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  1. This answer was edited.

    Examples of Bank Reconciliation Statement Illustration 1, From the following particulars prepare a Bank Reconciliation Statement on 31st January XXXX Debit Balance as per Cash Book 48,000. Cheque of 37,000 was deposited and collected by the bank but not recorded in Cash Book. Purchased Furniture andRead more

    Examples of Bank Reconciliation Statement

    Illustration 1,

    From the following particulars prepare a Bank Reconciliation Statement on 31st January XXXX

    1. Debit Balance as per Cash Book 48,000.
    2. Cheque of 37,000 was deposited and collected by the bank but not recorded in Cash Book.
    3. Purchased Furniture and payment by the debit card 25,000, was not recorded in Cash Book.
    4. A cash deposit of 26,000 was recorded in the cash column of Cash Book.

     

    Solution:

    Bank Reconciliation from cash book to pass book

    Illustration 2,

    From the following particulars prepare a Bank Reconciliation Statement on 31st October XXXX

    1. Pass Book of Ms Jane shows an overdraft of 50,000.
    2. Cheques issued but not presented for payment to bank 40,000.
    3. Payment side, bank column of Cash Book was undercast by 500.
    4. Interest on overdraft charged by the bank was 1,500.

     

    Solution:

    Bank Reconciliation Statement

    Examples of Cash Book

    Illustration 1,

    DateParticularsAmount
    1st March XXXXCash in Hand2,500
    5th  March XXXXCash paid to Mr Allen1,000
    16th  March XXXXCash Sales1,500
    25th  March XXXXPaid Salary500

     

    Solution:

    Adjustments in the cash book

    Illustration 2,

    Prepare a 2 column cash book

    DateParticularsAmount
    1st Oct XXXXBank Balance52,000
    1st Oct XXXXCash Balance15,000
    4th  Oct XXXXPurchased goods and payment made by cheque15,000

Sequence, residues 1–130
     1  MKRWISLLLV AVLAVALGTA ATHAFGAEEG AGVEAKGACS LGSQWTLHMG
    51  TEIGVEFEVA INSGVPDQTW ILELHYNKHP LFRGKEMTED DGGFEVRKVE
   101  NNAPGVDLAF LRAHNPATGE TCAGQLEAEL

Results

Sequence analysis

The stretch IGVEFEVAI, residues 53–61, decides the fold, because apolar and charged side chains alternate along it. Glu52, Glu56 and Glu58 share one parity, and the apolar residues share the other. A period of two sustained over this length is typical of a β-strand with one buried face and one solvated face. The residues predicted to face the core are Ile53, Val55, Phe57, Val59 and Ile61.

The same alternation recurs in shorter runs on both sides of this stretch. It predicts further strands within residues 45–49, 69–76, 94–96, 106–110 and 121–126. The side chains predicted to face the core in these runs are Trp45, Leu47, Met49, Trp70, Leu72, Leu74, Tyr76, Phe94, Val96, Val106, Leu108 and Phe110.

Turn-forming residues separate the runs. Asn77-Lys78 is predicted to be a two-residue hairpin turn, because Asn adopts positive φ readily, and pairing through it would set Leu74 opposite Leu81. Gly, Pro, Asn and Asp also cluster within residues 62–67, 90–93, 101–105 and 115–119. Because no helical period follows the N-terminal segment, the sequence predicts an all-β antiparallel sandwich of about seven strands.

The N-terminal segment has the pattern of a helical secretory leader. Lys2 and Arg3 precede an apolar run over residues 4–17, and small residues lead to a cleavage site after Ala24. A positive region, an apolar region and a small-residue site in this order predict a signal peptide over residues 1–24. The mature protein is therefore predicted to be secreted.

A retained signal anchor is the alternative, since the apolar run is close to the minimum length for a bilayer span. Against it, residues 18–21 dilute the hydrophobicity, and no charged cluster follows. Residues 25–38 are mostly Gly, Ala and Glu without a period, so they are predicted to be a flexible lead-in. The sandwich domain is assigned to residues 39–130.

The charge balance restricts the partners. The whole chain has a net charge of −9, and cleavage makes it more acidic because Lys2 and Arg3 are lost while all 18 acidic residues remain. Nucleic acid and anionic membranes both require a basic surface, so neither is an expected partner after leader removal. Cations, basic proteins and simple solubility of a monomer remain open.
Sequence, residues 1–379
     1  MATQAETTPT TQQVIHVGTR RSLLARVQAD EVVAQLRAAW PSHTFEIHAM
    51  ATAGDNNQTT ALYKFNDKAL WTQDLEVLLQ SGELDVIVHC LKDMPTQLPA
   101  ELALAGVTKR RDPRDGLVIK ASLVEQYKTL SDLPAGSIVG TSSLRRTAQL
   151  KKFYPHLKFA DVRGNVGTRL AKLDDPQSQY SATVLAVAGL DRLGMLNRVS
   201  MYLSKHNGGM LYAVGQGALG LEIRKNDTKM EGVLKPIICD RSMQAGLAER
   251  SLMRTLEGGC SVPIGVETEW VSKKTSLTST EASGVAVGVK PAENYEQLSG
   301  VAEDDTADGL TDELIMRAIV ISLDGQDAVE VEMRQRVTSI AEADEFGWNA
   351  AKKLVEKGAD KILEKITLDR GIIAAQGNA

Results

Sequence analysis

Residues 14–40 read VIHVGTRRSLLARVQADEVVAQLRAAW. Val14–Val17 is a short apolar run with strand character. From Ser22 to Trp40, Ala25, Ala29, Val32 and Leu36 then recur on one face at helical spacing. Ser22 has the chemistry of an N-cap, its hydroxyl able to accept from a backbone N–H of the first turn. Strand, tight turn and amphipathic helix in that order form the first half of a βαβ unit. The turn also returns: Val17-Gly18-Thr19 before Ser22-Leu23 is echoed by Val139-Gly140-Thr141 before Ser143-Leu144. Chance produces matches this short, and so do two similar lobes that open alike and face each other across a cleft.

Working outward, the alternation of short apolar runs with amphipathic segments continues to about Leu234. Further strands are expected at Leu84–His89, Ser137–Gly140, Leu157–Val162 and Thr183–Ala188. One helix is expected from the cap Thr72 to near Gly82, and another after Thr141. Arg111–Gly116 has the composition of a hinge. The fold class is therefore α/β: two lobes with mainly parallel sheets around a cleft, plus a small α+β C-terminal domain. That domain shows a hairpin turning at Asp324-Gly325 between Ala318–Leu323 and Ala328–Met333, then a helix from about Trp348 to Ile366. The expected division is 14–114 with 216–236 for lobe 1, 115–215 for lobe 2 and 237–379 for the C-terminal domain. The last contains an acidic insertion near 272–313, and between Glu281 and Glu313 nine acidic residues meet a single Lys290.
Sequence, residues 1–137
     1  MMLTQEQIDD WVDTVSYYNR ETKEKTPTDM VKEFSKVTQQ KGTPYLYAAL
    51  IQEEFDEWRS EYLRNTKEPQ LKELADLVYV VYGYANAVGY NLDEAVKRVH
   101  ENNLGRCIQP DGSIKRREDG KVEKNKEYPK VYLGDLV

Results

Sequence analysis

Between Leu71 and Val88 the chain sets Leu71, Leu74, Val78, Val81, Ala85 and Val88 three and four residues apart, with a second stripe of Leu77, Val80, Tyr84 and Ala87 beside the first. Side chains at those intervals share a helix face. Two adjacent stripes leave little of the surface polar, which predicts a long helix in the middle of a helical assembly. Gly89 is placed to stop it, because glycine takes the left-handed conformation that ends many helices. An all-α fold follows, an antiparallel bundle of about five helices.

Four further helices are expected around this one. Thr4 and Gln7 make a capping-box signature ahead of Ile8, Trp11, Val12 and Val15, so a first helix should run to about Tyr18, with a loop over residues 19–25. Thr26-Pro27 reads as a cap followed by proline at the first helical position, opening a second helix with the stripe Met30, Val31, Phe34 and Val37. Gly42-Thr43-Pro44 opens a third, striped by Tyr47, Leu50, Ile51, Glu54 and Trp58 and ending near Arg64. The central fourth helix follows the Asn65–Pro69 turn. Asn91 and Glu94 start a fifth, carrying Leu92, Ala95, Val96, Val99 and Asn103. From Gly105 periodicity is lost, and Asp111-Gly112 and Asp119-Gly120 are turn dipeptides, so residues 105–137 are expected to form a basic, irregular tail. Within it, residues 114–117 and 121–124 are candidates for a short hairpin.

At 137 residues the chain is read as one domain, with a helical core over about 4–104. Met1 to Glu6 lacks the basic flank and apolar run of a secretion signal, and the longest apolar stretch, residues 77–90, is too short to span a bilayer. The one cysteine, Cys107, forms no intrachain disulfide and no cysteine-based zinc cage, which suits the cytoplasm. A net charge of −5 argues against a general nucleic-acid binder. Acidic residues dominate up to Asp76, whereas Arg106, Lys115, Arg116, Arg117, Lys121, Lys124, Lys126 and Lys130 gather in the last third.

16th  Oct XXXXSold goods for cash8,000
    25th  Oct XXXXPaid rent by cheque500
    26th  Oct XXXXPurchased goods for cash10,000

     

    Solution:

    Cash Book with both cash and bank columns

     


    Aastha Mehta.

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  1. Yes, the cash book is both a journal and a ledger.  To make the concept simpler, I would like to familiarize you with the meaning of journals and ledgers, which shall help in determining the reasons for a cashbook to be both a journal as well as a ledger. Journal A journal is a descriptive financialRead more

    Yes, the cash book is both a journal and a ledger. 

    To make the concept simpler, I would like to familiarize you with the meaning of journals and ledgers, which shall help in determining the reasons for a cashbook to be both a journal as well as a ledger.

    Journal

    A journal is a descriptive financial record of a business that is used for future reconciling as well as a transfer to other books of accounts such as the ledger. It is a book of original entry.

    Cashbook is considered to be a journal because all the cash/bank receipts and payments are recorded in this book in a descriptive form similar to journal posting.

    Ledger

    In simple words, a ledger refers to recording individual accounts in a summarized form that are posted from a journal. It is a book of principal entry.

    A cashbook is considered to be a ledger because all the cash transactions that are made during a particular financial period are recorded in this book in a chronological order. When a cashbook is prepared there is no need for a cash a/c as the book serves the same purpose and therefore can be used as a substitute.

    Format of a Cashbook

    Cashbook

    DateParticularsV.No.L.F.CashDateParticularsV.No.L.F.Cash
     To Capital a/c    By Advertisement a/c   
     To Sales a/c    By Purchases a/c   
     To Mr. C’s a/c    By Stationery a/c   
     To Bank a/c    By Office expenses a/c   
          By Rent a/c   
          By Salary a/c   
          By balance c/d   
              

    Note: As we can see the format and posting of a cashbook are similar to that of journal and ledger accounts.

    Hope this helps.

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